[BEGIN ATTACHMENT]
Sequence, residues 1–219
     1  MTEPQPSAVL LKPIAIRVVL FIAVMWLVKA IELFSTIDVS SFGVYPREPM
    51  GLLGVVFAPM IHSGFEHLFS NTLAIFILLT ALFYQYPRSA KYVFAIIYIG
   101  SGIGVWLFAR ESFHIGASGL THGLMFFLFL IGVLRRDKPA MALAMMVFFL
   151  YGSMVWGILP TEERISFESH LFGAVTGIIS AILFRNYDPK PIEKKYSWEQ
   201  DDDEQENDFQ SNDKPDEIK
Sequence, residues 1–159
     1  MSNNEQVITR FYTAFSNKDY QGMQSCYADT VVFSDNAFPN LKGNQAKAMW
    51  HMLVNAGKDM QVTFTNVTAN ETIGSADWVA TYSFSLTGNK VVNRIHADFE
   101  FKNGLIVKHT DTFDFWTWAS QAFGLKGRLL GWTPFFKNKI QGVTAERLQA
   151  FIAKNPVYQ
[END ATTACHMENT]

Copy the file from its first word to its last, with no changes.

Sequence, residues 1–219
     1  MTEPQPSAVL LKPIAIRVVL FIAVMWLVKA IELFSTIDVS SFGVYPREPM
    51  GLLGVVFAPM IHSGFEHLFS NTLAIFILLT ALFYQYPRSA KYVFAIIYIG
   101  SGIGVWLFAR ESFHIGASGL THGLMFFLFL IGVLRRDKPA MALAMMVFFL
   151  YGSMVWGILP TEERISFESH LFGAVTGIIS AILFRNYDPK PIEKKYSWEQ
   201  DDDEQENDFQ SNDKPDEIK
Sequence, residues 1–159
     1  MSNNEQVITR FYTAFSNKDY QGMQSCYADT VVFSDNAFPN LKGNQAKAMW
    51  HMLVNAGKDM QVTFTNVTAN ETIGSADWVA TYSFSLTGNK VVNRIHADFE
   101  FKNGLIVKHT DTFDFWTWAS QAFGLKGRLL GWTPFFKNKI QGVTAERLQA
   151  FIAKNPVYQ